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Predictive Coding Theory: How Our Brains Recognize Faces From Minimal Information

Our brain recognizes objects within milliseconds, even if it only receives rudimentary visual information...

For Ph.D. Physicists, Careers Outside Academia Are Terrific

Government-funded science spends a lot of money promoting the idea that only government-funded...

Women's Faces Get Redder At Ovulation, But Human Eyes Can't Pick Up On It

Studies have shown that men find female faces more attractive when women are ovulating, but how...

Earth's 24 Hour Daily Rotation Period Found Encoded In Cyanobacterial Cells

A collaborative group of Japanese researchers has demonstrated that the Earth's daily rotation...

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A University of California, San Diego team led by 2008 Nobel-Prize winner Roger Tsien, PhD has shown that bacterial proteins called phytochromes can be engineered into infrared-fluorescent proteins (IFPs). Because the wavelength of IFPs is able to penetrate tissue, these proteins are suitable for whole-body imaging in small animals. Their findings will be published in the May 8 edition of the journal Science.
The creation of large-area graphene using copper may enable the manufacture of new graphene-based devices that meet the scaling requirements of the semiconductor industry, leading to faster computers and electronics, according to a team of scientists and engineers at The University of Texas at Austin.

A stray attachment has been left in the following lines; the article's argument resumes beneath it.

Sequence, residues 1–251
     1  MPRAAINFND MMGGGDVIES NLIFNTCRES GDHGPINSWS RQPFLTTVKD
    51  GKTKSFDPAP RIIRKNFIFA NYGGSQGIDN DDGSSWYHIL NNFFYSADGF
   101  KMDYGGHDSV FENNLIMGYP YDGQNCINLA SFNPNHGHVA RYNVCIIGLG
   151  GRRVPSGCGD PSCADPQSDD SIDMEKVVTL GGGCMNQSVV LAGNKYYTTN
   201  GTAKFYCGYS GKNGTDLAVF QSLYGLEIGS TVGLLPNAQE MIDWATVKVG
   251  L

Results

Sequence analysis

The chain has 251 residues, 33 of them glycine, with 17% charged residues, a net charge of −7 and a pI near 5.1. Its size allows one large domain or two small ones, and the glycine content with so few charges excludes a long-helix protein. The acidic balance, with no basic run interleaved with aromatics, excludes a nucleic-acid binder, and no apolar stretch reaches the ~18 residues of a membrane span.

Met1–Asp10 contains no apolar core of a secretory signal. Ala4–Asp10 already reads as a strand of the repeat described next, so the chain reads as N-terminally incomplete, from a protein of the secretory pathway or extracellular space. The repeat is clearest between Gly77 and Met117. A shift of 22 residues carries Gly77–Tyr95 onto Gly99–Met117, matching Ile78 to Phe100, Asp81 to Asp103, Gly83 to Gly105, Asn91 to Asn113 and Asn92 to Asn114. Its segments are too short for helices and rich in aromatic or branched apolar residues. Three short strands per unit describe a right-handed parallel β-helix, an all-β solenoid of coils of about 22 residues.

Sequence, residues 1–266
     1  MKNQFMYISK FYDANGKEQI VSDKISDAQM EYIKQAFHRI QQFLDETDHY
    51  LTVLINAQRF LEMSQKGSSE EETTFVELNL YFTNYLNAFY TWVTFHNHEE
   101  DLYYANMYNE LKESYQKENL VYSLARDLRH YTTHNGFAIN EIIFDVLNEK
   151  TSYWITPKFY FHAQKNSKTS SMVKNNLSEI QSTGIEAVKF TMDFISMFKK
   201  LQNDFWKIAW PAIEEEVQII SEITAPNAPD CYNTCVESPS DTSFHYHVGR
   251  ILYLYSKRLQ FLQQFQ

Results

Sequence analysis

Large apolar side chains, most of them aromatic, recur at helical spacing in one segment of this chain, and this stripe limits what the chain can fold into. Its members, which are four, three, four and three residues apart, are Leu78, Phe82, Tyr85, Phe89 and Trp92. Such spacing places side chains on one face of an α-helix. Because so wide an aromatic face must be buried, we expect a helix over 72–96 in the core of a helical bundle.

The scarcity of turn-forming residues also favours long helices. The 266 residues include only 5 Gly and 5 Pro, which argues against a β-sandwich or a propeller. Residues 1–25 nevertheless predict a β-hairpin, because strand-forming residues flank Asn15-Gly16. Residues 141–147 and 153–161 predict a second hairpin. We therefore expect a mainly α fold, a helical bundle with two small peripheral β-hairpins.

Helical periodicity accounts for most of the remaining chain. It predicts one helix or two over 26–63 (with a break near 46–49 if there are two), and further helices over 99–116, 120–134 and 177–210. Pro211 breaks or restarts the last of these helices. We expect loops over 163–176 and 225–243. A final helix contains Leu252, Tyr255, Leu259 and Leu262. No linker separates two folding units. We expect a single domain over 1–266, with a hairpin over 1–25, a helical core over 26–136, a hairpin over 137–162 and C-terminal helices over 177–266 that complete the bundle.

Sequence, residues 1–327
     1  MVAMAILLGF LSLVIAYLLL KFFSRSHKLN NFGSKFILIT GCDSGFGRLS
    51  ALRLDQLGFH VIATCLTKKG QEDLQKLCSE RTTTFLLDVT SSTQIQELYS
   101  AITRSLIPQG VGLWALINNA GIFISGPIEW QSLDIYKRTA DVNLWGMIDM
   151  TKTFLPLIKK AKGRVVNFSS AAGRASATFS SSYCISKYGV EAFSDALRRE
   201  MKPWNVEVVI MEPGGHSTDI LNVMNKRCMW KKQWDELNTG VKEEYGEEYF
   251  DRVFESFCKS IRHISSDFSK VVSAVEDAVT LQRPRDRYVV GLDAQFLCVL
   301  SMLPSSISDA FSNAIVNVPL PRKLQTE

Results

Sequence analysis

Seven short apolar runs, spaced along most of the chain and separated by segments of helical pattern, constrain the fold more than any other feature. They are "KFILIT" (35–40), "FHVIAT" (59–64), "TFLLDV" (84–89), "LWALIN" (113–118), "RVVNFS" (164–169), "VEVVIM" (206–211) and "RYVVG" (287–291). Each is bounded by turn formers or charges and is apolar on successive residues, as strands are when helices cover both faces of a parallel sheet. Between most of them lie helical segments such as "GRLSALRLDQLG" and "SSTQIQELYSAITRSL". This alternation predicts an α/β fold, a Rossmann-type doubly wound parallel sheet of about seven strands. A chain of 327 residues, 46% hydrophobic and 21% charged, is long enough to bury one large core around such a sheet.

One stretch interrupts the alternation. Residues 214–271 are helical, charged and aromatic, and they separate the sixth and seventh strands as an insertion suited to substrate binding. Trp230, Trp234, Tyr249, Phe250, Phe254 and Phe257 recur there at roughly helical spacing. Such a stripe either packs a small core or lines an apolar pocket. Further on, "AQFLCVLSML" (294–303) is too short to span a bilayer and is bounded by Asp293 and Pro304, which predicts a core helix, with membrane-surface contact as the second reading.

Graphene, an atom-thick layer of carbon atoms bonded to one another in a "chickenwire" arrangement of hexagons, holds great potential for nanoelectronics, including memory, logic, analog, opto-electronic devices and potentially many others. It also shows promise for electrical energy storage for supercapacitors and batteries, for use in composites, for thermal management, in chemical-biological sensing and as a new sensing material for ultra-sensitive pressure sensors.
astric ulcer is an illness that affects a considerable number of people worldwide. Although the introduction of proton-pump inhibitors to the classic anti-ulcer therapy has revolutionized treatment of peptic ulcers and other gastrointestinal disorders, there is still no complete cure for this disease. It has been shown that long term use of these drugs leads to various adverse and side effects. Relapses of the malady, ineffectiveness of different drug regimens and even resistance to drugs are emerging. Thus, there is an urgent requirement to identify more effective and safe anti-ulcer agents.
New research led by investigators at Memorial Sloan-Kettering Cancer Center (MSKCC) identifies three genes that specifically mediate the metastasis, or spread, of breast cancer to the brain and illuminates the mechanisms by which this spread occurs. The study was published online today in Nature. 

According to the study, COX2 and HB-EGF — genes that induce cancer cell mobility and invasiveness — were found to be genetic mediators in the spread of breast cancer to the brain. A third gene, ST6GALNAC5, was shown to provide cancer cells with the capability of exiting the blood circulation and passing through the blood-brain barrier to enter the brain tissue. 
Children who can stay focused and don't sweat the small stuff have a better shot at good health in adulthood -- especially girls, according to findings reported in the May issue of Health Psychology.
A detailed analysis of the feet of Homo floresiensis, the miniature hominins who lived on a remote island in eastern Indonesia until 18,000 years ago, may help settle a question hotly debated among paleontologists: how similar was this population to modern humans? A new research paper in Nature  may help answer this question.

While the so-called "hobbits" walked on two legs, they say, several features of their feet were so primitive that their gait was not efficient.